, Volume 22, Issue 3, pp 229–250 | Cite as

The physiological ecology of Mytilus californianus Conrad

2. Adaptations to low oxygen tension and air exposure
  • B. L. Bayne
  • C. J. Bayne
  • T. C. Carefoot
  • R. J. Thompson


Mytilus californianus regulated its rate of oxygen consumption (VO2) during decline in oxygen tension, but did not acclimate VO2 when held at 58 mm Hg PO2. In spite of a capacity to consume oxygen while exposed to air (the average VO2 in air being equivalent to 0.74xthe standard rate of oxygen consumption in water), these mussels acquired an “oxygen debt” during aerial exposure which was discharged on subsequent reimmersion. During exposure to air the oxygen tension of the fluid in the mantle cavity was rapdly reduced to approximately 40 mm Hg, in animals both in the laboratory and on the shore. Heart rate was also reduced during air exposure, though not to the point of cardiac arrest. The concentration of ammonia in the fluid of the mantle cavity increased during aerial exposure, but the rate of excretion of ammonia was much lower than during immersion. Observations of mussels on the shore at low tide indicated that dehydration of the tissues was not a serious threat, possibly due to the large volume of fluid retained in the mantle cavity. During aerial exposure some end-products of anaerobic metabolism (alanine and malate) accumulated in the posterior adductor muscle. Malate accumulation was rapid during the first hour of exposure; alanine accumulated more gradually. It is concluded that during aerial exposure M. californianus resorts to anaerobiosis in spite of a capacity to extract some oxygen from the atmosphere. This results in a metabolic deficit during each period of low tide which, coupled with the reduced time available for feeding, imposes a physiological stress on mussels distributed on the shore.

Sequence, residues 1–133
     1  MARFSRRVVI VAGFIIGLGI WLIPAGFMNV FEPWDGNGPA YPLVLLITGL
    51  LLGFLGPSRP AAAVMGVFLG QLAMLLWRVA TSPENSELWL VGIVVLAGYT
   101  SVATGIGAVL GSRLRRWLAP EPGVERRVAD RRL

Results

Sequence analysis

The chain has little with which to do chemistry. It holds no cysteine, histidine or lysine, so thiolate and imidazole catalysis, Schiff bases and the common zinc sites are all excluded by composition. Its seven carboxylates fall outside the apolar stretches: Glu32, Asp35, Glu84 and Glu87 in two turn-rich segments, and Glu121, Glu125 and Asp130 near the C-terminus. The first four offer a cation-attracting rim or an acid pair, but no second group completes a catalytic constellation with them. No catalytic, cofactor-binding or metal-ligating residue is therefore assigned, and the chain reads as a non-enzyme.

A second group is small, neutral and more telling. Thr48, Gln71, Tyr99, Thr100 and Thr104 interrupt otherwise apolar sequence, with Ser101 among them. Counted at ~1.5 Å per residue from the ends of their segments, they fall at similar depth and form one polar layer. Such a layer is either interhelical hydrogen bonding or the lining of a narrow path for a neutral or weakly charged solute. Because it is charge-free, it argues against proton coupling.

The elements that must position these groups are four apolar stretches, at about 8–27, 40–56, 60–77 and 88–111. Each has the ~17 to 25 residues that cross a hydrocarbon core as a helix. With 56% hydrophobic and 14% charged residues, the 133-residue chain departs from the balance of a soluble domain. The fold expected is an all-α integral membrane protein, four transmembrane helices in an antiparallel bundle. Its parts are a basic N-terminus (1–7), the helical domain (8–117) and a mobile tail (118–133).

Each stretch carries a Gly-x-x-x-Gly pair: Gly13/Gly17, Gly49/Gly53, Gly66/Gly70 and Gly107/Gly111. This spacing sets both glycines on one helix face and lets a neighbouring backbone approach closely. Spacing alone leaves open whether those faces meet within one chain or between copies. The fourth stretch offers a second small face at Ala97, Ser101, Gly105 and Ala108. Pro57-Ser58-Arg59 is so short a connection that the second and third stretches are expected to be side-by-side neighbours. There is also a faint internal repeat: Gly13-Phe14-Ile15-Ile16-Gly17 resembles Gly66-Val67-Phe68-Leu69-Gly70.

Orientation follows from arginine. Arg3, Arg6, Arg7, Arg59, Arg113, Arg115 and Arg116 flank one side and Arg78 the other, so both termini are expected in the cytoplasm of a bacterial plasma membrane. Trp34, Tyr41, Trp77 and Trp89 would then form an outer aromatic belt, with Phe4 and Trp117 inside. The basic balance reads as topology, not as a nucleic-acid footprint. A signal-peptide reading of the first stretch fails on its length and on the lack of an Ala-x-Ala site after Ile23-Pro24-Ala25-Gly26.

Oxygen Adductor Muscle Dehydration Alanine Oxygen Consumption 
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Copyright information

© Springer-Verlag 1976

Authors and Affiliations

  • B. L. Bayne
    • 1
  • C. J. Bayne
    • 2
  • T. C. Carefoot
    • 3
  • R. J. Thompson
    • 4
  1. 1.Institute for Marine Environmental ResearchPlymouth
  2. 2.Department of ZoologyOregon State UniversityCorvallis
  3. 3.Department of ZoologyThe University of British ColumbiaVancouver
  4. 4.Marine Sciences Research LaboratoryMemorial UniversitySt. John's

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